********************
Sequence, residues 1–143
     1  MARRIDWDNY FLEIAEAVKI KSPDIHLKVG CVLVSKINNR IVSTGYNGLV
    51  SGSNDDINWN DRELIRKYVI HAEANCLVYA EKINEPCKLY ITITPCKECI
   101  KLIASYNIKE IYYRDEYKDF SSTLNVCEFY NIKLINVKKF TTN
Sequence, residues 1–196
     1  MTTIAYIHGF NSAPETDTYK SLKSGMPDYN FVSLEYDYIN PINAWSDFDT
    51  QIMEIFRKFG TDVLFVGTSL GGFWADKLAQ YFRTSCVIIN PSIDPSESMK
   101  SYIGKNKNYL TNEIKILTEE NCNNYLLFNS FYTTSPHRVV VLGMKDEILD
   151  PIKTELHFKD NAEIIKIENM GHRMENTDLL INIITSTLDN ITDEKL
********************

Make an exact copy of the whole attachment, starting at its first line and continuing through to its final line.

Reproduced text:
Sequence, residues 1–143
     1  MARRIDWDNY FLEIAEAVKI KSPDIHLKVG CVLVSKINNR IVSTGYNGLV
    51  SGSNDDINWN DRELIRKYVI HAEANCLVYA EKINEPCKLY ITITPCKECI
   101  KLIASYNIKE IYYRDEYKDF SSTLNVCEFY NIKLINVKKF TTN
Sequence, residues 1–196
     1  MTTIAYIHGF NSAPETDTYK SLKSGMPDYN FVSLEYDYIN PINAWSDFDT
    51  QIMEIFRKFG TDVLFVGTSL GGFWADKLAQ YFRTSCVIIN PSIDPSESMK
   101  SYIGKNKNYL TNEIKILTEE NCNNYLLFNS FYTTSPHRVV VLGMKDEILD
   151  PIKTELHFKD NAEIIKIENM GHRMENTDLL INIITSTLDN ITDEKL